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Could the US Government Shutdown Impact Immigration Processing?

By Nita Nicole Upadhye

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Could the US Government Shutdown Impact Immigration Processing?

At the time of writing, it is looking increasingly probable that there will be some form of US government shutdown from October 1, 2023.

Federal funding is due to run out on September 30, 2023, unless Congress votes to pass either a stopgap spending bill or certain appropriation bills for the start of the new financial year on October 1.

While negotiations are ongoing, it is worth considering the potential impact of a shutdown on US immigration and nationality processing.

A government shutdown would result in thousands of federal government employees being furloughed. This means they would not attend work and would not be paid during the period of closure (although furloughed workers’ salaries are then paid retroactively when the shutdown ends).

As such, a government shutdown will directly impact US public services, including some US visa and nationality application processing.

At this stage, we would expect the biggest impact among immigration agencies to be at the Department of Labor, due to a suspension of “non-essential” immigration functions. This could mean PERM, LCAs and prevailing wage processing are suspended either until stopgap funding is passed, or until the shutdown is brought to an end.

Some passport offices and processing may also be affected if they are based within federal buildings that are closed during the shutdown.

Departments which are not expected to be affected include Customs and Border Protection (CBP), with officials continuing to process applications at the border, and USCIS which, as it is funded by application fees, should continue to process petitions and applications – although these may be subject to delay where adjudication is dependent on a different agency that has been suspended.

USCIS’ E-Verify program and Conrad 30 are also set to expire if not specifically extended by Congress. While employers will not be able to utilize E-Verify during this time, they remain subject to the Form I-9 requirements, although E-Verify deadlines will not have to be met until the program has been reauthorized by Congress. Employers are advised to proceed with caution and take advice where an employee cannot be verified using E-Verify as a result of the shutdown.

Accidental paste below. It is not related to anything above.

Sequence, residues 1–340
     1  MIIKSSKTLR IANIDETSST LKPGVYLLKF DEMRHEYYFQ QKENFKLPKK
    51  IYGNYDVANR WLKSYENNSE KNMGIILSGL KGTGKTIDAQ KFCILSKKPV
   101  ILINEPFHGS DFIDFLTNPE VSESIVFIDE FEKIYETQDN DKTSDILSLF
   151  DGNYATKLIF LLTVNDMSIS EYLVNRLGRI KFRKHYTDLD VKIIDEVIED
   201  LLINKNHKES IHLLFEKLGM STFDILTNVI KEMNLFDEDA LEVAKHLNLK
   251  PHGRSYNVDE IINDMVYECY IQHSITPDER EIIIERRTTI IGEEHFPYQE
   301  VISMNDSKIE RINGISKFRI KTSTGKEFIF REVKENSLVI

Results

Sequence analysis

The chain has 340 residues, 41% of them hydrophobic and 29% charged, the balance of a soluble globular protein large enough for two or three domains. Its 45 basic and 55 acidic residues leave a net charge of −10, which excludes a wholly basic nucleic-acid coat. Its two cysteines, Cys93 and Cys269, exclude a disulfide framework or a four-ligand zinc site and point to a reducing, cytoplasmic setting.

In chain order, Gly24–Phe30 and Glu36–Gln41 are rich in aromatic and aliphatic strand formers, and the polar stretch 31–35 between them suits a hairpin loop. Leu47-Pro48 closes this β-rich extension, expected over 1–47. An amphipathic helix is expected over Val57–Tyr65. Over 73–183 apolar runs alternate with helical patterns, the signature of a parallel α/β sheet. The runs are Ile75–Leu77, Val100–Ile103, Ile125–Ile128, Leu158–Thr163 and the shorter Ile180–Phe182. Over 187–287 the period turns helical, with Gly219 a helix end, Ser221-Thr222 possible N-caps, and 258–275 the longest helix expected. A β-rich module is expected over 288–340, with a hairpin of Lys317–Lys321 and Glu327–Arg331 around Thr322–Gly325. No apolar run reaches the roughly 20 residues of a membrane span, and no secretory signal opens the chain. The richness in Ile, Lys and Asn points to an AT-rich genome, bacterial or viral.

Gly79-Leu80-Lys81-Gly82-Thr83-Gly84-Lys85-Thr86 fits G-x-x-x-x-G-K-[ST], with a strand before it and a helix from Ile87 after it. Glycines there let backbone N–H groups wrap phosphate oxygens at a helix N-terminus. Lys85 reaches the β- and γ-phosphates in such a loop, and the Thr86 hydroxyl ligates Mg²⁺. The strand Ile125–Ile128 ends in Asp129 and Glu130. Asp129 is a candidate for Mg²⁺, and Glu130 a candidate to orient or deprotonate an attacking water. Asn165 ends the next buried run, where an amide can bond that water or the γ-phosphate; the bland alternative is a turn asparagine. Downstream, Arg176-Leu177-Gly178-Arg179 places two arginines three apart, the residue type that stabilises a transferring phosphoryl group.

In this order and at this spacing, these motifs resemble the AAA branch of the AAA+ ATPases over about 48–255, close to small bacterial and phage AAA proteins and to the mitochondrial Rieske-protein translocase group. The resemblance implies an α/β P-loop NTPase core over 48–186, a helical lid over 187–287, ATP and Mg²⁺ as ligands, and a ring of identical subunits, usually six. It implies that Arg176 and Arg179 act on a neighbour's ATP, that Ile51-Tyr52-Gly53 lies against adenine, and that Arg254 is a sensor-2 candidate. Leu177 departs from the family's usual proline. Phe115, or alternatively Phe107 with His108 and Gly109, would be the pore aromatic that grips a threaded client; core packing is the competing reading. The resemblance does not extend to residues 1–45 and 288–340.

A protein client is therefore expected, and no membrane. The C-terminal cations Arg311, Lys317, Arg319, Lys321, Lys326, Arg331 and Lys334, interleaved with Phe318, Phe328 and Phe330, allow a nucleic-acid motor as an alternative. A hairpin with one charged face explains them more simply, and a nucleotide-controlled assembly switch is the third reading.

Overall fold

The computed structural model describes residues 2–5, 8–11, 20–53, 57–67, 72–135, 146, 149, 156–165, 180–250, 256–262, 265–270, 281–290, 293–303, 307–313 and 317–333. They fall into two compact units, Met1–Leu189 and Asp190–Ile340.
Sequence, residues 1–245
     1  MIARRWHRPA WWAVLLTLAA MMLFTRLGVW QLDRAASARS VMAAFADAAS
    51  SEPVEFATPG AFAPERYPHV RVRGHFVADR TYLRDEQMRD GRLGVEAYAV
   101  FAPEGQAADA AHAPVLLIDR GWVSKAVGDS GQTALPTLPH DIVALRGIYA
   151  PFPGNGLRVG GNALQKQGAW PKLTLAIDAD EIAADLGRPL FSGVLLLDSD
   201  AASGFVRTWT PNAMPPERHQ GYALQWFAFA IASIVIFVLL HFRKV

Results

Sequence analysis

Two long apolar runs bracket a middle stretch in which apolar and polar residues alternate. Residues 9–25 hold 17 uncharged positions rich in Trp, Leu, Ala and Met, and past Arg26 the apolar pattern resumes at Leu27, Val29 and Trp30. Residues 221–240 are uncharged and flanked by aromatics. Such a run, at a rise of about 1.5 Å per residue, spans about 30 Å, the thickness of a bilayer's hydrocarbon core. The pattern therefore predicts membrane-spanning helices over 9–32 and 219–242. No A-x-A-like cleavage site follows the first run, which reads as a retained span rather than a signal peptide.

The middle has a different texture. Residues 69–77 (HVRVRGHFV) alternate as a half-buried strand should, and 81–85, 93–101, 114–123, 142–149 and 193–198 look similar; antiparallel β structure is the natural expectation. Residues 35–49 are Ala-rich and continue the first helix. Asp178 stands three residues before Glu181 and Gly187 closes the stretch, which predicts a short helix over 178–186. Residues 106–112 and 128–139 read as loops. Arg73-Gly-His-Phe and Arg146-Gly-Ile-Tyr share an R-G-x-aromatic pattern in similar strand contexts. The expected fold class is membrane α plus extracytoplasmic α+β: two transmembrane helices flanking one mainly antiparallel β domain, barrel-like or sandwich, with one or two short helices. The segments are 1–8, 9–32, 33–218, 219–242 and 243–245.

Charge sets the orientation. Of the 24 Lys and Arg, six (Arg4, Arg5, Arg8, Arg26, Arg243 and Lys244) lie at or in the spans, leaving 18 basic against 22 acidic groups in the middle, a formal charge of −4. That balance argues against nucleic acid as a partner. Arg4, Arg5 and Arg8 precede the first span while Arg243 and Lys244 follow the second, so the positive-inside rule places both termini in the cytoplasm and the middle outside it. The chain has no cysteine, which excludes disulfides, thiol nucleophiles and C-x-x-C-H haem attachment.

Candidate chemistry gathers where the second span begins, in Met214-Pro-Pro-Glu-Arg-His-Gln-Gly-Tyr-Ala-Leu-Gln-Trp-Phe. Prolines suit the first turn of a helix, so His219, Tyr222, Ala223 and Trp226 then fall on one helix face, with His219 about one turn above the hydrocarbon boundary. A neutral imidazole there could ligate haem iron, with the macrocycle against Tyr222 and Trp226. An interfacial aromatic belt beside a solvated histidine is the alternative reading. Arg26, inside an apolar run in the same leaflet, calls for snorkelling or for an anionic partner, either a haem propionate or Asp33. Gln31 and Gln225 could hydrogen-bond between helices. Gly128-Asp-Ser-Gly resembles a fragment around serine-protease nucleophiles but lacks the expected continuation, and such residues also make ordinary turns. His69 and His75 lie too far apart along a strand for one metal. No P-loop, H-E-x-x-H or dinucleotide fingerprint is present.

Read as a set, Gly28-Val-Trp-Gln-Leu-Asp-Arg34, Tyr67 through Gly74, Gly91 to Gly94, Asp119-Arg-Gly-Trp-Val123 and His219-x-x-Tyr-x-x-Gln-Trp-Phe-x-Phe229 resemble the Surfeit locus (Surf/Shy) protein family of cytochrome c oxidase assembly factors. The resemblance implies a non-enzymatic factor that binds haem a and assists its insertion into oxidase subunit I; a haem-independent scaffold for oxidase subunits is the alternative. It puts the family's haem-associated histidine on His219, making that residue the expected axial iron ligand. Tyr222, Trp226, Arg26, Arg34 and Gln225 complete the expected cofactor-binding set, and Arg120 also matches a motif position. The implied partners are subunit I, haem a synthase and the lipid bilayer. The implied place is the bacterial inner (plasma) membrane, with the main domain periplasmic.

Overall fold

This article does not constitute direct legal advice and is for informational purposes only.

Author

Founder & Principal Attorney Nita Nicole Upadhye is a recognized leader in the field of US business immigration law (AILA) and trusted adviser to large corporates through to SMEs, providing strategic immigration and global mobility advice to support employers with both US and UK operations to meet their workforce needs through corporate immigration.

Nita successfully acts for corporations and professionals, entrepreneurs, artists, actors, and athletes from across the globe, providing expert guidance on all aspects of US visa and nationality applications, and talent mobility to the USA.

Nita is an active public speaker, thought leader, immigration commentator, and immigration policy contributor and regularly hosts training sessions for employers and HR professionals

Need legal advice?

For specialist advice on your query, get in touch with our team of US immigration attorneys.​

Need legal advice?

For specialist advice on your query, get in touch with our team of US immigration attorneys.

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For specialist advice on a US immigration or nationality matter for your business, contact our US immigration attorneys.

For specialist advice on a US immigration or nationality matter for your business, contact our US immigration attorneys.